For Christmas I received Maureen Taylor's Uncovering your Ancestry Through Family Photographs. I've been reading and studying it in hopes of learning the techniques I need to identify my own "unknown" photographs.
The woman above is one of those unknowns in my collection. When I first looked at her photograph, I had no clue as to her identity. But after working through Maureen Taylor's book, I realized that is not actually true. While as of this writing, I still do not know her identity, I know more than when I started.
Where I got her photograph may be an important clue. This photograph was originally in a red flocked photo album that belonged to my great grandmother Esther Lee Richardson Talbott. Esther Lee died at a young age and the album remained in the possession of her husband Bossy Talbott. Upon his death, the album went to their only living daughter, Elma Talbott Solomon. All three lived in Halifax County, VA. Upon Elma's death, the album and pictures went to her niece, and eventually to me as the family historian. At the time, I received the album, the photos had been removed from their places in the album (due to the deterioration of the album), but kept together. Unfortunately, any family groupings/associations were lost.
This photograph is actually a carte de visite measuring 4 1/4 x 2 1/2 inches. On the back is the photographer's imprint: Frayser and Co Photographers, Danville, VA. The imprint is quite elaborate. A Danville, VA photographer makes sense in the family history as Esther Lee's family was from Pittsylvania County, VA. No other photograph in my collection has this photographer's stamp.
I next turned my attention to her clothing. She is wearing a fitted dress with raised buttons and narrow sleeves. The dress appears to be black with a large white collar and black lacy decoration. I've wondered if she is perhaps dressed in extended mourning clothes. Her hair is pulled back and her ears are exposed. Determining her costume time period was the next step and I admit to being quite unsure of myself in this area. My best estimate so far would put her in between 1866-1868 or the time period 1878-1888.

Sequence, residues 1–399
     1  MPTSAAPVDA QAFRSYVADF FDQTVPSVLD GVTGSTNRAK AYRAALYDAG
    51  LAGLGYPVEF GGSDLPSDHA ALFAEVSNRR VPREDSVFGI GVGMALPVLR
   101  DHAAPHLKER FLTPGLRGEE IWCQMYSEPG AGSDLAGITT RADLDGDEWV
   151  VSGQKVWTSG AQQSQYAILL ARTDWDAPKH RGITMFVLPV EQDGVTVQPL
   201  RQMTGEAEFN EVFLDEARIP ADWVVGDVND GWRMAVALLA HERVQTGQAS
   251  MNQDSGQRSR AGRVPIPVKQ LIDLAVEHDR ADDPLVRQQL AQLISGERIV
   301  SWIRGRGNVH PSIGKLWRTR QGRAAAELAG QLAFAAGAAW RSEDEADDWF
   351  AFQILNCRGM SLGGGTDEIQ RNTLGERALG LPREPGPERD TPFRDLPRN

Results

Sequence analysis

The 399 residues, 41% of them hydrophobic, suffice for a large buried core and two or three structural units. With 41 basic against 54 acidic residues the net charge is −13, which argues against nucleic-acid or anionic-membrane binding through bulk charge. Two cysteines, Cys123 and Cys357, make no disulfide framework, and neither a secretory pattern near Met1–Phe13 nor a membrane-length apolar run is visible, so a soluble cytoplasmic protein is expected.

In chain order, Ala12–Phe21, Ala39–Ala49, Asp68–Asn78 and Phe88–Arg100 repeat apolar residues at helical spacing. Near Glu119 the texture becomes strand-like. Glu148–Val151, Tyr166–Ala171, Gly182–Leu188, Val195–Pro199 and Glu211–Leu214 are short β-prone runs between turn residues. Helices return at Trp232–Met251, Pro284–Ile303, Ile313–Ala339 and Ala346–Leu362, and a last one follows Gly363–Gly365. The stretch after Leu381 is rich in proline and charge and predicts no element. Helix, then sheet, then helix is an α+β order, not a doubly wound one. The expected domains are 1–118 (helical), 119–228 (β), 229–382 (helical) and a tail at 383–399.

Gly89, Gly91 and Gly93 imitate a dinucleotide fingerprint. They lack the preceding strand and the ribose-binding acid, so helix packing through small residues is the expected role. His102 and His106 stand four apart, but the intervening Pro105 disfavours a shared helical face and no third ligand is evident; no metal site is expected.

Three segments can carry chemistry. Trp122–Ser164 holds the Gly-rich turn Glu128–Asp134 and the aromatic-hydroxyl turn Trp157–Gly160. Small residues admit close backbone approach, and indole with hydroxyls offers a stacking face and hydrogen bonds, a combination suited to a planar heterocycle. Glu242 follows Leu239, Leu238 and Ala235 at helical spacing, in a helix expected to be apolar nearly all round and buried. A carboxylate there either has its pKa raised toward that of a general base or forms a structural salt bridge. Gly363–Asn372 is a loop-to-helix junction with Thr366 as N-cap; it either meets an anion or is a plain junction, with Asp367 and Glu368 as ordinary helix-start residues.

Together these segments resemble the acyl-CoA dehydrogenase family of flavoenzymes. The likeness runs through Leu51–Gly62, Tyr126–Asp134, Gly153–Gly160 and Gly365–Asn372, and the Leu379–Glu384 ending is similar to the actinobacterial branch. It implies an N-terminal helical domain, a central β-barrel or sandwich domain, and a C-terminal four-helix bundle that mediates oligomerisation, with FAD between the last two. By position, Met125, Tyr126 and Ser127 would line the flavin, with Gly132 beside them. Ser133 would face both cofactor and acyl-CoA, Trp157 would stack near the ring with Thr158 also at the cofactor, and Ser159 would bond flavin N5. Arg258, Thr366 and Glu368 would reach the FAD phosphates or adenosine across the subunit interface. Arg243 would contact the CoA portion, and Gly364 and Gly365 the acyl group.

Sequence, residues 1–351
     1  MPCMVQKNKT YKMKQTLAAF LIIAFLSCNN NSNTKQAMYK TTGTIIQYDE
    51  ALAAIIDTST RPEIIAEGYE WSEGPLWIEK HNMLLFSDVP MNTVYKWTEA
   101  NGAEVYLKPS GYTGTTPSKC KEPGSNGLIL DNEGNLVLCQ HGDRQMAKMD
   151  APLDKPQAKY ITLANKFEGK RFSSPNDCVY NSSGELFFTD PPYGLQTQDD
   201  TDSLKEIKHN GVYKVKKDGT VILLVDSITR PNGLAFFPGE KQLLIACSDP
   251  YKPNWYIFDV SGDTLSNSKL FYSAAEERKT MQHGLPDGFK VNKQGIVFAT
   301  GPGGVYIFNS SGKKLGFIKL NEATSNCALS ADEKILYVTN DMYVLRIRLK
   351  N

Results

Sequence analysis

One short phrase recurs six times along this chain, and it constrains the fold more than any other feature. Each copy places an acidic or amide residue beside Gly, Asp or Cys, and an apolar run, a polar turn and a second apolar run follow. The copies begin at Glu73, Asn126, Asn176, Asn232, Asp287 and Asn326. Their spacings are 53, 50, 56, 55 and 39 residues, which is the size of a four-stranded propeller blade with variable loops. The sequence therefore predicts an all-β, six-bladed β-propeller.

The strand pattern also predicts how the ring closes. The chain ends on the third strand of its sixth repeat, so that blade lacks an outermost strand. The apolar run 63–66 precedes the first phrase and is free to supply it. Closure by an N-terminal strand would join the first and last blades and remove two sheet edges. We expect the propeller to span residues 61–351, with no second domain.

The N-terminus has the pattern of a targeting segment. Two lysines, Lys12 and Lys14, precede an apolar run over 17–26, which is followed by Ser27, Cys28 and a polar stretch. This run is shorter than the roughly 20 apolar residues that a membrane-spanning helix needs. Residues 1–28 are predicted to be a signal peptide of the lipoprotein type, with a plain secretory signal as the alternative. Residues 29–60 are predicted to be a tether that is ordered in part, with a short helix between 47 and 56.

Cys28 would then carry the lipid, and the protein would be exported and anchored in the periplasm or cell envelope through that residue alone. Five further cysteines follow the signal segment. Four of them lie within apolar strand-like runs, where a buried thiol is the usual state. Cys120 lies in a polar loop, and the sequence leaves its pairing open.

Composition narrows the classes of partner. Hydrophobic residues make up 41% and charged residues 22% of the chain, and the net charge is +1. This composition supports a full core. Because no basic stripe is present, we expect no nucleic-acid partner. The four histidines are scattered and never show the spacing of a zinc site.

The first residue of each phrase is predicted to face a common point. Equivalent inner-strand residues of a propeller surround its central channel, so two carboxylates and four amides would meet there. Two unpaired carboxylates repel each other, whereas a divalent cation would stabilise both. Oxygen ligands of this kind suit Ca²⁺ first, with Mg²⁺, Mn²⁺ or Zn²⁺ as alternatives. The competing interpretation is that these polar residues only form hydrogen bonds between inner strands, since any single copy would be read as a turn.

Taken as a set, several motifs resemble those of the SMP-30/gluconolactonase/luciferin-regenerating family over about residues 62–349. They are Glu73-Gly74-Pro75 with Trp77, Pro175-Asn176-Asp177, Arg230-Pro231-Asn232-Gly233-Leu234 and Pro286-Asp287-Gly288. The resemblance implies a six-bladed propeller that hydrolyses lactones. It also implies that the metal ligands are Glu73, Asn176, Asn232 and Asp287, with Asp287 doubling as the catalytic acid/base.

I then turned my attention to the use of props or in this case, the lack of props. She is sitting in a chair that is only slightly visible on the right side of the photograph.
So, who is she? My guess so far (and this is a guess) would have her being a Richardson or an Elliott. Both families are from the Pittsylvania and Halifax County areas of south central Virginia. I also have correspondence showing that Esther Lee kept in close contact with both her Elliott and Richardson Cousins.
What next? More research, of course. I need to find more information on the photographer and the time period in which he operated. I also need to study more on women's fashions and hair styles to identify her costume time period. Once these questions are answered, I'll attempt to match her to someone in my family tree.
*This is another re-posting from last December. Hope you enjoy it! (Okay, I confess. I'm a little behind in my writing. I'll catch up this weekend!)
Since I started genealogy a few years ago, I always thought having having a small Christmas tree decorated with homemade ornaments depicting my ancestors would be a nice touch. After all, I have more than enough ancestors' photos to fill a tree. Somehow in the hustle and bustle of the Christmas season this project never gets done.
Today, I'm taking a last look at this year's Christmas tree (also known as Homer) and realized that I do have my heritage tree. I've had it all along.
I inherited my grandmother's glass ornaments years ago when I had my first Christmas tree. You know the ones, the colored glass balls that are still popular today. These have a wonderful patina. Some even have the original hooks my grandmother used to hang them. In a pinch apparently, she fashioned ornament hooks out of bobby pins.
Also on our tree are ornaments representing events in our lives. We have an ornament with our wedding date engraved on it. There are ornaments given to our children as babies for their first Christmas. There are many paper and popsicle stick ornaments our children have made over the years. There are even styrofoam ornaments I made as a child. (No need to discuss how old those are!)
So yes....it is a heritage tree I've had all along.
Walter Britton Howard was born on 23 Dec 1917 in Cape Fear, Chatham, NC. He was the second child of Connie and Mattie (Maddox) Howard. He's pictured above with his older brother and my grandfather Lester Howard. My grandfather would entertain us grandkids with stories of childhood adventures that usually involved Uncle Walter, too. Sadly we lost Uncle Walter in Aug 1999.
It's time for another Festival of Postcards event hosted by A Canadian Family (http://acanadianfamily.com/ ) . This month's theme is "white". Lots of ways to go with that, but as I am writing this, it is snowing outside. Well... snow mixed with sleet. Okay, more sleet than snow, but in the south, we take what we can get.